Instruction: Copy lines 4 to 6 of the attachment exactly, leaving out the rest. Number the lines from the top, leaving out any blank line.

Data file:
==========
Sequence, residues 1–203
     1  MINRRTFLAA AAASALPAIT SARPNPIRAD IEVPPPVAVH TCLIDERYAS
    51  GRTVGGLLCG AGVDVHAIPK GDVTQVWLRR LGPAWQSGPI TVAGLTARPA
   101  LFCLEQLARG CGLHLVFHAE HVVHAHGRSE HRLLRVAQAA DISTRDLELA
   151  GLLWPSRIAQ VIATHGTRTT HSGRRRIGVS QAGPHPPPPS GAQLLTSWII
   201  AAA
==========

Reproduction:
   101  LFCLEQLARG CGLHLVFHAE HVVHAHGRSE HRLLRVAQAA DISTRDLELA
   151  GLLWPSRIAQ VIATHGTRTT HSGRRRIGVS QAGPHPPPPS GAQLLTSWII
   201  AAA